© teleplan General | March 07, 2016

Mobile World Congress – What the big trends mean for AMS

Each year Mobile World Congress holds the attention of the mobile and telecoms industry with a plethora of new technologies being showcased to the world. But, what impact will they have on the AMS industry?
This variety of new devices and services also needs to be considered by the after sales market who will be faced with testing, repairing and refurbishing the new devices and the hardware which enables new services to be delivered, such as Radio Base Stations.

After attending this year’s Mobile World Congress there’s a couple of big trends we believe will have a big impact on the after-market services (AMS) industry over the coming year:

VR everywhere

Virtual reality (VR) technology has dominated the news at MWC. Of course Mark Zuckerberg took center stage at the Samsung press conference to talk his vision, Oculus Rift is set to ship this year as is the Samsung Gear VR and then there was the announcement from HTC regarding the availability and pricing of Vive. Everywhere you looked around the halls VR is on display, not least on our very own stand where we had a roller coaster VR experience!

But if VR is a new product category coming to market, it is also a new consideration within AMS. With Samsung giving VR away with purchases of its new phone, adoption will get a huge boost and these devices are likely to come swiftly into the mainstream market.

I think it’s clear we are going to continue to see more devices launch through 2016 and these devices will need to be supported for repair and return in the same way as wearables and mobile devices. The after-market industry needs to start fully understanding the needs of the market now, to prepare to manage the repair and return of these devices.

Unlocking new opportunities for networks

Another topic hitting the headlines at the show was 5G. Our hyper-connected lifestyles mean we now expect a good web connection to enable us to experience quality video calls, watch movies from anywhere, and easily transfer content to wearables or other devices in the home.

But in order to permit faster services, better coverage, range and lower latency, no one company can tackle the problem alone. Scaling traditional telecom infrastructure to meet this ever growing global data challenge is no easy task but needs to be implemented as soon as possible.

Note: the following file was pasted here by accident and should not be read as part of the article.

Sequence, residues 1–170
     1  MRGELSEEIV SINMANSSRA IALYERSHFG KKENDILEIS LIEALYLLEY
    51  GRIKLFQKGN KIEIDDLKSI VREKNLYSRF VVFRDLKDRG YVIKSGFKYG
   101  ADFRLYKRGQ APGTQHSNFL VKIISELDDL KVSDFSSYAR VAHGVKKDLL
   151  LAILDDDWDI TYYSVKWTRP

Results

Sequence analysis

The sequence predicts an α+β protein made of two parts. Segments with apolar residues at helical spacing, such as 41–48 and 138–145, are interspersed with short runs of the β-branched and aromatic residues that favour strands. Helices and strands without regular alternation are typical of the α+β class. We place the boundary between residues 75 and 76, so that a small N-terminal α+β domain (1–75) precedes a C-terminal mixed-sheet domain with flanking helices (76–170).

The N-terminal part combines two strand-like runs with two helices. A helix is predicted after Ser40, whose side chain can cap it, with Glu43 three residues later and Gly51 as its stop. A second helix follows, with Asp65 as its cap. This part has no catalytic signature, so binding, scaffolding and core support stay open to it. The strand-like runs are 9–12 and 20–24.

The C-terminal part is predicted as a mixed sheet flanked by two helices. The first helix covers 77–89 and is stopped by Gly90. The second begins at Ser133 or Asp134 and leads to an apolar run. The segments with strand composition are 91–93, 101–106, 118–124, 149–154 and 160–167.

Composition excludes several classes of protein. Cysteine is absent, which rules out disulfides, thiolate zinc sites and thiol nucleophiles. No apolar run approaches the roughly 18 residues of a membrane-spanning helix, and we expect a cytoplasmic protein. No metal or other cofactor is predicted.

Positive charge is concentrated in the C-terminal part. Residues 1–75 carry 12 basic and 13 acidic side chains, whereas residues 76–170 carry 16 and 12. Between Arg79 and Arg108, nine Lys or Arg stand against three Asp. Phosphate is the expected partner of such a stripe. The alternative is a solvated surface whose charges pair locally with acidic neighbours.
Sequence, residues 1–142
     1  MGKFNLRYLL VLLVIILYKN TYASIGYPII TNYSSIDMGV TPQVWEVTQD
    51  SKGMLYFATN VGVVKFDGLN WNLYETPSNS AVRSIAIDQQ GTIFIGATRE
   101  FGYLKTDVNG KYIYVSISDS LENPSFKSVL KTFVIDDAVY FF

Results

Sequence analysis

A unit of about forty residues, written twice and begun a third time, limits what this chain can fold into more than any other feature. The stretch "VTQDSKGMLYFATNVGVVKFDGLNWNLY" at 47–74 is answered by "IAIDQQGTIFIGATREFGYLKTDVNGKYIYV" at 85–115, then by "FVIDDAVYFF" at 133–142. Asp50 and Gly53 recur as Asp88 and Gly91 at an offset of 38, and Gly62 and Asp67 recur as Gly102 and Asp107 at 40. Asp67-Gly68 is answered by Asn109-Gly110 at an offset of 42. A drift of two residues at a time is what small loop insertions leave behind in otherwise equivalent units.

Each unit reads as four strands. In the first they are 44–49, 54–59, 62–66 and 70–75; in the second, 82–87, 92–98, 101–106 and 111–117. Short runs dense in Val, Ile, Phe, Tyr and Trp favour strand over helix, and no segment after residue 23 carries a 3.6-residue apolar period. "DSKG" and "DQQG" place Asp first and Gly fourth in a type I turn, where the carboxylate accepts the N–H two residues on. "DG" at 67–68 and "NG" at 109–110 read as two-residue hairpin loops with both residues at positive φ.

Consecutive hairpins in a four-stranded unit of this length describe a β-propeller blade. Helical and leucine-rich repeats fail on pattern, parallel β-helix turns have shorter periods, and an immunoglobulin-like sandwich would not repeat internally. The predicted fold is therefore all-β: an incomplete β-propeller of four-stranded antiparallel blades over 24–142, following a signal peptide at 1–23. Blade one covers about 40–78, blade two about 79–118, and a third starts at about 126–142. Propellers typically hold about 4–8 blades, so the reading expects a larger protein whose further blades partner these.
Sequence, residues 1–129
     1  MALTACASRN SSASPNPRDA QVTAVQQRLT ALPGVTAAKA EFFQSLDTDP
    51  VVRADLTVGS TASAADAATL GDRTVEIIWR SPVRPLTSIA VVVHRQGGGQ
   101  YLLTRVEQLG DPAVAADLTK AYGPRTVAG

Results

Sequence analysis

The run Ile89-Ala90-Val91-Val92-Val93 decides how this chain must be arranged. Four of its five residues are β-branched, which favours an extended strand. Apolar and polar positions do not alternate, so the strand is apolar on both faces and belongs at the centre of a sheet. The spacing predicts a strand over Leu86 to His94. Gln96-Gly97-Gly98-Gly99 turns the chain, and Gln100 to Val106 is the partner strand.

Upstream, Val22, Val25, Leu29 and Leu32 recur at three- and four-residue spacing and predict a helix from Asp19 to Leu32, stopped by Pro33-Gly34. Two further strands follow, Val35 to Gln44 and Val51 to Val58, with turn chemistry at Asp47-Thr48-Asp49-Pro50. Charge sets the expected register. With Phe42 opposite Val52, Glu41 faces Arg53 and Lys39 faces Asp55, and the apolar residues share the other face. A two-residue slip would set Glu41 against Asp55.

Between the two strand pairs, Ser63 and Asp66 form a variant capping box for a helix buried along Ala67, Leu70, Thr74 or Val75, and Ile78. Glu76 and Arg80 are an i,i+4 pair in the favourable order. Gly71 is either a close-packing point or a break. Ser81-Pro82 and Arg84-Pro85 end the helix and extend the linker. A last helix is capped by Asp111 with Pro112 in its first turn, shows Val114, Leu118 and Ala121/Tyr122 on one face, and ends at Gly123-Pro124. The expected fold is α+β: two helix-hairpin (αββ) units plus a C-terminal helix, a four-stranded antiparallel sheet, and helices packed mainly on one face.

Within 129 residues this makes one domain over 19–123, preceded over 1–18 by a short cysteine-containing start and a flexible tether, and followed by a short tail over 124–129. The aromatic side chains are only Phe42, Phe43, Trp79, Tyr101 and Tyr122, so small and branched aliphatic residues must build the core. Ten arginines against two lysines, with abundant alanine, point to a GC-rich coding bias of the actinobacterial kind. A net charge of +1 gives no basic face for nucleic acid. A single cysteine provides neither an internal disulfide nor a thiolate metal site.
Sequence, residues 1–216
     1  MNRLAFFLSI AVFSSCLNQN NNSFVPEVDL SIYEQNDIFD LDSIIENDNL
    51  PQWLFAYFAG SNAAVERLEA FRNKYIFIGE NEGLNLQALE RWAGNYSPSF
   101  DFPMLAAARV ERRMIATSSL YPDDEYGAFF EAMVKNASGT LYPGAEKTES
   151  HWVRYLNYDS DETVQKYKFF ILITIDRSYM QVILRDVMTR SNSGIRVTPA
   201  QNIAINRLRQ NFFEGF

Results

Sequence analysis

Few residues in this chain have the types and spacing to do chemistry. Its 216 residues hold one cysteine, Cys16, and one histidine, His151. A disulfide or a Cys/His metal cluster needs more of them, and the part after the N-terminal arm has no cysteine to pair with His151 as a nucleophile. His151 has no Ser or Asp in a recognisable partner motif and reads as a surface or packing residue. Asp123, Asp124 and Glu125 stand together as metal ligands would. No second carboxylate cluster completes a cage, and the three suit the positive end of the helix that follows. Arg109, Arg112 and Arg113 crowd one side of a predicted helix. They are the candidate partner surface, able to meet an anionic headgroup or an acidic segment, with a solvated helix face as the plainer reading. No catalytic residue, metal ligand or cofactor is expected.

This is being made possible by companies such as, Huawei, which announced its focus on 4.5G at MWC, believing increased capacity is needed sooner, rather than later, to give consumers an improved service whilst their development of 5G continues. While Facebook and EE in partnership with the Telecom Infra Project (TIP) are collaborating on projects to bring 4G to villages that have previously had no cellular coverage.

To reach remote places it’s also an essential responsibility for the after sales market to maintain the repair and management of old Radio Base Stations (RBS) for reuse, which will help to keep disruptions to the in-country network infrastructure at a minimum. One way this can be achieved is by working with an after markets services partner with equipment that can reduce RBS testing times to around 30 minutes, a significant time saving on the six hour norm, increasing network efficiency and unlocking new opportunities for everyone in the ecosystem.

The latest and greatest devices

You can’t talk about Mobile World Congress without mentioning the various new smartphones and mobile components launched during the show. With devices launched from HTC, Sony, Samsung, LG and Alcatel to name a few there’s no doubt that this year is going to see thousands of consumer trading in their old devices for one of the many newer models. Models which will no doubt require AMS services at some point over there lifecycle.

Many devices have the same core component, so including these new devices in an AMS process doesn’t present too many challenges in theory. However, what the AMS industry does need to start preparing for is some of the key components which the handset providers are using, such as the curved edge screen on the new Samsung Galaxy and the ceramic backing on the new Xaimoi Mi5.

These features, which make the phones so desirable for the general public, present challenges for the AMS industry in that they need to source enough of these new components from OEMs and approved partners so that there are no delays in the repair process due to lack of parts. AMS providers need to start thinking now about how these new device components can be catered for so that they aren’t caught out when these devices enter the AMS process.

Author: Sven Boddington, Teleplan’s Vice President Global Marketing & Client Solutions


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